# Can anybody check if I solved this correctly?(tension forces + pulley)

PhyIsOhSoHard

## Homework Statement The pulley can rotate and has no friction.
Block $m_2$ is twice as big as $m_1$
Find the tensions, $T_1, T_2, T_3$

## Homework Equations

Newton's second law

## The Attempt at a Solution

Tension 1:
By creating a free body diagram only for the block, I got with Newton's second law:
$T_1-mg=ma$
$T_1=m(a+g)$

Tension 2:
$T_2-2mg=ma$
$T_2=m(a+2g)$

Tension 3:
$T_3-T_1-T_2=ma$

Inserting above values for the other tensions:
$T_3=ma+m(a+g)+m(a+2g)$
$T_3=3m(a+g)$

Did I solve this correctly? What about the acceleration? Can I do anything about that?

Last edited:

Enigman
$T_3-T_1-T_2=ma$

the pulley has no net force acting on it.

PhyIsOhSoHard
the pulley has no net force acting on it.

What exactly do you mean?
Are the 2 first tensions correct?

PhyIsOhSoHard
So we have:

$T_1-mg=ma$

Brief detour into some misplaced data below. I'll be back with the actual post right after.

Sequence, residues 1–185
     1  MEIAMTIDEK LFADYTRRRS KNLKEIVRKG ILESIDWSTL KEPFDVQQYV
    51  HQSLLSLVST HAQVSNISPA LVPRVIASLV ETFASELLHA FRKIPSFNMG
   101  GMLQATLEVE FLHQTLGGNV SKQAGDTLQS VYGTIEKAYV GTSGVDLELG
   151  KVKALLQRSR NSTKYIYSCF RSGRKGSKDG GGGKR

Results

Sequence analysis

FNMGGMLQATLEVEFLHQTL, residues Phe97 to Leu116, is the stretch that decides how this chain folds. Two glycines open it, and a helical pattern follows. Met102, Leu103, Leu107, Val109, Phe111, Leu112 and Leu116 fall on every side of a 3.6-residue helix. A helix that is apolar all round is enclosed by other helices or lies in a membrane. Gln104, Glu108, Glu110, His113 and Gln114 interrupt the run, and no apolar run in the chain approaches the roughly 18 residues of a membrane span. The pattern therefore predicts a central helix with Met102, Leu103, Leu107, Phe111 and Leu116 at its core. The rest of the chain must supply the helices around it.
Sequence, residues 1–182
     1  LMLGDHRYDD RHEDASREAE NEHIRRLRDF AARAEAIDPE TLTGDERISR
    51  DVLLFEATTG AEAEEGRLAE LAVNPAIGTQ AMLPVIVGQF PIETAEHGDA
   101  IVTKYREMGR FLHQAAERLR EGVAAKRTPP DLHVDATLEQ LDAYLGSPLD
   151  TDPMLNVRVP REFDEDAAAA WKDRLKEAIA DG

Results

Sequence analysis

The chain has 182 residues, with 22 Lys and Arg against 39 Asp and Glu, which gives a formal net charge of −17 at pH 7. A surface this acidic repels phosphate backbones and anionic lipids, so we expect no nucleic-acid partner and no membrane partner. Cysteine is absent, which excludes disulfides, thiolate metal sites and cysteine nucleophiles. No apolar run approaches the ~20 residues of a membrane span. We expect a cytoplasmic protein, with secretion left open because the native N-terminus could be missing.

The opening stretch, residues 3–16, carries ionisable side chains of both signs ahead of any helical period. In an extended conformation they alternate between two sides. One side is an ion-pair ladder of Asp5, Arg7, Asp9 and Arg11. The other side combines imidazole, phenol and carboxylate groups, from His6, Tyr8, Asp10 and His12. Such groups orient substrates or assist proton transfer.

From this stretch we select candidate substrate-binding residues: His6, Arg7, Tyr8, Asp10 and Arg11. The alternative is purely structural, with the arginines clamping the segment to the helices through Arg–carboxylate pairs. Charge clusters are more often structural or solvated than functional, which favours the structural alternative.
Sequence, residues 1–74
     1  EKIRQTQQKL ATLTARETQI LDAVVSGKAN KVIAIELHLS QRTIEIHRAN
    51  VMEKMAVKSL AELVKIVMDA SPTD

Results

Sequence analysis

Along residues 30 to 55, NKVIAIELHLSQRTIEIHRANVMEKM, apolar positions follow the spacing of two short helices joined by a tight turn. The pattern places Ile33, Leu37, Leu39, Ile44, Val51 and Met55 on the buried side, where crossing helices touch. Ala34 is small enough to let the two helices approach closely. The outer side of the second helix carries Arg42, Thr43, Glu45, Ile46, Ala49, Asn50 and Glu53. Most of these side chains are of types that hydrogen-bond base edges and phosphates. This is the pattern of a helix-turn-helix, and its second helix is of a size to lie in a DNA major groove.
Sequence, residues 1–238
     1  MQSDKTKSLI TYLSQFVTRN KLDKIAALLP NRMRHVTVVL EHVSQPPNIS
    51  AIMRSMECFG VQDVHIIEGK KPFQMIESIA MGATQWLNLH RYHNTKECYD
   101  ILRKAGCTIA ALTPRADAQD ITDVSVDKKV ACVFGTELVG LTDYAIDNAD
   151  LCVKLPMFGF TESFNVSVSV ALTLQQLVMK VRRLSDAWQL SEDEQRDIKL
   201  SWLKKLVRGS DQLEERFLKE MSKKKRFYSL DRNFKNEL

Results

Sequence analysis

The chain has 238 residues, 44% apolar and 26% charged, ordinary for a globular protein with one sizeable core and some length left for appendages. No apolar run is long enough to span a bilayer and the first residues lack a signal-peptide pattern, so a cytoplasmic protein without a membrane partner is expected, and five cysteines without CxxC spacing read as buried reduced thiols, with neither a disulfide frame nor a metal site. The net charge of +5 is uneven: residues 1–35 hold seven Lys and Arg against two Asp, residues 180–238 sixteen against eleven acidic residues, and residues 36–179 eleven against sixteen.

$T_1=m(a+g)$

$2mg-T_2=ma$
$T_2=2m(g-a)$

Since the tension is uniform on the string:
$m(a+g)=2m(g-a)$
$a=\frac{1}{3}g$

Substituting this into the first equation:
$T_1-mg=\frac{1}{3}mg$
$T=\frac{4}{3}mg$

The tension of the pulley since it has no net force acting:
$T_3-T_1-T_2=0$

Since $T_1=T_2=T$
$T_3=2T$

Inserting the tensions:
$T_3=2\frac{4}{3}mg$

Last edited:
Homework Helper
Gold Member
So we have:

$T_1-mg=ma$
$T_1=m(a+g)$

$2mg-T_2=ma$
$T_2=2m(g-a)$

Since the tension is uniform on the string:
$m(a+g)=2m(g-a)$
$a=\frac{1}{3}g$

Substituting this into the first equation:
$T_1-mg=\frac{1}{3}mg$
$T=\frac{4}{3}mg$

The tension of the pulley since it has no net force acting:
$T_3-T_1-T_2=0$

Since $T_1=T_2=T$
$T_3=2T$

Inserting the tensions:
$T_3=2\frac{4}{3}mg$
Assuming the pulley has no moment of inertia, that all looks correct. I wouldn't write the final answer as $T_3=2\frac{4}{3}mg$ though. It looks like you mean "two and four thirds".